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2020/21 Taught Postgraduate Module Catalogue

LAW5688M Digital Environment: Law, Technologies & Human Rights

15 creditsClass Size: 40

Module manager: Dr Cesar Ramirez-Montes
Email: C.J.Ramirez-Montes@leeds.ac.uk

Taught: 1 Apr to 31 Aug View Timetable

Year running 2020/21

This module is mutually exclusive with

LAW5689MIntellectual Property in the Digital Environment: The Intern

Module replaces

LAW5689M Intellectual Property in the Digital Environment: The Internet & File-Sharing

This module is not approved as an Elective

Module summary

The aim of this module is critically and comprehensively to analyse current issues arising from the constant tension between intellectual property law (particularly copyright) and new technologies (i.e time and format-shifting devices, online lockers, cloud computing, etc.). The focus is on emerging debates, policy considerations and law reform proposals on issues such as the regulation of new technologies and the impact that copyright enforcement has on fundamental freedoms. In particular, this module provides an opportunity for analysis of some of the issues relating to the infringement of copyright works in the digital environment where multiple copies can be made and distributed more easily, cheaply and speedily than before.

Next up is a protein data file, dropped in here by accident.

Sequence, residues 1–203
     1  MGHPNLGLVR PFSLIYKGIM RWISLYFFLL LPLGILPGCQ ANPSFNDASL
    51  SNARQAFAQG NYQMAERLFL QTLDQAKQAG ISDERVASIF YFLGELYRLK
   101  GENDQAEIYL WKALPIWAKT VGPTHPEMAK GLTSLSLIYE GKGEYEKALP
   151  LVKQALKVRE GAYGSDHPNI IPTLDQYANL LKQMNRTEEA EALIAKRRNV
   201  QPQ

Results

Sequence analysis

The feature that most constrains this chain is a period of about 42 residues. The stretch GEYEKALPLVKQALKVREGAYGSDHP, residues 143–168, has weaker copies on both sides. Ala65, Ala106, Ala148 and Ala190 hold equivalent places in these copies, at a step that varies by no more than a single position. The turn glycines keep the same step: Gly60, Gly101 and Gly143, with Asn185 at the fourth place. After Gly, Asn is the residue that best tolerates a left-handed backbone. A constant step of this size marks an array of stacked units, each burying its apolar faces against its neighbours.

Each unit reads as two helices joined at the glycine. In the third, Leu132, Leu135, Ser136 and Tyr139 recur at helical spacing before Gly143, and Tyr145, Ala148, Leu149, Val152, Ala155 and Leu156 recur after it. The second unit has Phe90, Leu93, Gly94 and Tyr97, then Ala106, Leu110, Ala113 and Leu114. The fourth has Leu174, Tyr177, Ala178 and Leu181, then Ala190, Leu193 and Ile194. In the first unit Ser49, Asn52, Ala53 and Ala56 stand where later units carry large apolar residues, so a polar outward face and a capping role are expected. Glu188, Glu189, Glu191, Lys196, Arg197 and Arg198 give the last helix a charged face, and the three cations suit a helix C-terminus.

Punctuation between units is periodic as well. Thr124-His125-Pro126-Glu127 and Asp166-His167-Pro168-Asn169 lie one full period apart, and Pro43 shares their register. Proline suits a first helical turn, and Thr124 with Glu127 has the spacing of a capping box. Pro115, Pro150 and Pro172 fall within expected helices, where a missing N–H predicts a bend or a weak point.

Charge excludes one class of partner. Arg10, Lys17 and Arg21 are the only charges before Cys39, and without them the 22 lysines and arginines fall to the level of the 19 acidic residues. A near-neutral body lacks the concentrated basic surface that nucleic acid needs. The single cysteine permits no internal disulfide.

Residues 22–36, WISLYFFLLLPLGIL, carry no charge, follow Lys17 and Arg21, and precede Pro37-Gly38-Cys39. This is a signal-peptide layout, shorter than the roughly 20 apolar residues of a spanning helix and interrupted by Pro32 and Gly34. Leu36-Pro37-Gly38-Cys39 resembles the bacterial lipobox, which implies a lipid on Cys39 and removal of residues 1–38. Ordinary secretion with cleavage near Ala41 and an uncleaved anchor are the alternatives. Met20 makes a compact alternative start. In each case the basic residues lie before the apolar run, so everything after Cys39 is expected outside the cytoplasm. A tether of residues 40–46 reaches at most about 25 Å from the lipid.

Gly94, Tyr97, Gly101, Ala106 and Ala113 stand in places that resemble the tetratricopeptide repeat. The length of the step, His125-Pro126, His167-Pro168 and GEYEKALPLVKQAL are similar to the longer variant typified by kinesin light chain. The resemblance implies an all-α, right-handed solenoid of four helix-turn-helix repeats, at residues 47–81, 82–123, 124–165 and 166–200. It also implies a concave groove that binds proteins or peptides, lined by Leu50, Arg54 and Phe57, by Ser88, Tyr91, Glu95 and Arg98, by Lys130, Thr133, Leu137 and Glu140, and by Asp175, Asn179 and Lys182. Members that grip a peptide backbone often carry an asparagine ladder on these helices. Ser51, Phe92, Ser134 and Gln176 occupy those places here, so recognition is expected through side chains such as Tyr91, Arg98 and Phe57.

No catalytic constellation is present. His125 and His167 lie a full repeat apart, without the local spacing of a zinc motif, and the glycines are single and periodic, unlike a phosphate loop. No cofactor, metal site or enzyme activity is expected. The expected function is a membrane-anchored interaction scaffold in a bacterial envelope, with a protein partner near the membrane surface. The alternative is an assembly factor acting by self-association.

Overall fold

Objectives

The aim of this module is to introduce students to a number of current issues arising from the constant tension between intellectual property law (particularly copyright) and new technologies. This constant tension has become more acute in the digital environment with new actors and new philosophies informing the debate about the proper role and scope of IP in determining the proprietor's control and dissemination of copyright materials and the user's right to have access to such materials, particularly in the face of increasing human rights narratives. Students will have an opportunity to analyse and critique the arguments for and against by reference to the law, academic commentary and judicial opinions from Europe and other jurisdictions in order to form their own views and opinions on the appropriate responses.